The pressure profile resulting from this model is illustrated by profile A in FIG. 6 for a part in which the ratio of the width (w) to height (h) of the formed part (w/h) is 2. The first part of this profile is typified by a rapidly increasing then decreasing rate of pressure application. The reason for the shape of this curve is due to the changing radius and thickness as shown in Eqn. (3).
As the radius decreases, an increase in pressure is demanded to maintain a constant flow stress, but a counterpoising effect is caused as the thickness decreases. Initially, the rate of change of the radius is much greater than the rate of change of the thickness, and a pressure increase is required. As forming of the diaphragm continues, the rate of change of thickness increases while that of the radius decreases, and pressure must be reduced to sustain the constant flow stress. Once the diaphragm contacts the base of the die cavity, the rate of change of the radius again dominates, and a rapid pressure increase is required.
This trade-off between changing thickness and radius of curvature is strongly dependent on the w/h ratio, and the corresponding pressure profiles can be quite different in reflection of this. An example of the influence of changing width on the pressure profile is illustrated in FIG. 7. In this example, all parameters other than the width were maintained constant. For the narrow, deep part in which w=2 (w/h=1), a significant portion of the profile involves decreasing pressure. This reflects the significant deformation which occurs after the half cylinder section is formed and before the diaphragm contacts the die bottom. During this part of the forming sequence, the radius of curvature is constant but the thickness is decreasing. Once the die bottom is contacted, the pressure rises rapidly, a common characteristic of each of the profiles shown.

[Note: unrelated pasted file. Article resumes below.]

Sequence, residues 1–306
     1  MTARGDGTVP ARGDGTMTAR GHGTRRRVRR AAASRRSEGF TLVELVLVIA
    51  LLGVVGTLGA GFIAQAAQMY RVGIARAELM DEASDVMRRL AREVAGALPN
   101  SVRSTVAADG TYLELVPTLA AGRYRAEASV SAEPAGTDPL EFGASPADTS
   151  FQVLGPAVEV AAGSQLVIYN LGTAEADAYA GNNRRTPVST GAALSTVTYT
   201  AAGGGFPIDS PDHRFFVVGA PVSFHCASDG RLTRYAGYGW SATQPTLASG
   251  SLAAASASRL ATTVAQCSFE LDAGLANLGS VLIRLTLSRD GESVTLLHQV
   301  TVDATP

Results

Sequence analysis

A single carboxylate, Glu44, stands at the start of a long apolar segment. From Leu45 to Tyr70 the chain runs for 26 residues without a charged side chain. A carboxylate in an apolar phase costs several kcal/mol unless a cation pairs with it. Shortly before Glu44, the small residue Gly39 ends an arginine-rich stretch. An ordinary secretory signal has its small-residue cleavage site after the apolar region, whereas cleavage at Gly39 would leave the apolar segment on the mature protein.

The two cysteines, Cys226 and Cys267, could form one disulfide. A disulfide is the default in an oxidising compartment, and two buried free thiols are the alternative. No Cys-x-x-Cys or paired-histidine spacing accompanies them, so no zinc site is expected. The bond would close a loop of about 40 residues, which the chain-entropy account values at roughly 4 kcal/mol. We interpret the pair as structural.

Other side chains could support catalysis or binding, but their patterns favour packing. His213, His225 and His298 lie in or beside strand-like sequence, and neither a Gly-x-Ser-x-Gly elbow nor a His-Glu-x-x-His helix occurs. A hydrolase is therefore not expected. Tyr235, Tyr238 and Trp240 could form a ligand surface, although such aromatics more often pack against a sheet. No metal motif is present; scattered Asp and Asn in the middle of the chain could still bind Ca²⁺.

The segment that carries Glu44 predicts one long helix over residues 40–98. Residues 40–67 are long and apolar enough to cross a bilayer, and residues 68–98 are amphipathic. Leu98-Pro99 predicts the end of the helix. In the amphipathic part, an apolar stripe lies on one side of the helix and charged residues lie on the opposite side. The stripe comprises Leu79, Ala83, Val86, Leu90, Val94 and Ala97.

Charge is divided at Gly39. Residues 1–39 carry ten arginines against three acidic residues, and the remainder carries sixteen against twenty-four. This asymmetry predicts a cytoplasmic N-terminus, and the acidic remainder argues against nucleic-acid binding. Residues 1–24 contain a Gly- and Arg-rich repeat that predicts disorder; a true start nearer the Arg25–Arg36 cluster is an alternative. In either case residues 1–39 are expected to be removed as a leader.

For a wide part of w=12 (w/h=6) the pressure rises throughout the profile. This occurs because the forming diaphragm contacts the die bottom before the thinning dominates the process, and a decrease in pressure is not required. For the part of w=4 (w/h=2), the profile is identical in shape to that shown in FIG. 6 and for the same reasons as previously discussed.
FIG. 6 is related to FIG. 2 in that point 10 is the start of forming (FIG. 2A), point 12 is the time when the blank first touches the floor of the die cavity (FIG. 2C), and the point 14 is the end of forming (FIG. 2D).
Profile B of FIG. 6 is an example of the prior art where the pressure/time relation was established by arbitrarily increasing the forming pressure gradually at the lower pressure levels. The part formed according to profile B, ruptured at point 16, well before completion of forming, thus indicating the importance of utilizing a strain rate which is properly controlled throughout the forming operation to maintain the blank in a superplastic condition.
The time vs pressure profile can be calculated for other relatively simple shapes and combinations of simple shapes provided that an accurate mathematical relationship is known for calculating the pressure required to give the desired flow stress for the changing configuration of the blank. For more complex shaped parts, the strains can be experimentally determined by marking a grid on the blank and measuring the grid dimensions at various stages of the forming sequence. The strains required to form the blank to the various stages and corresponding strain rates can be determined from the changing grid dimensions in a manner well known to those skilled in the material and metal forming art.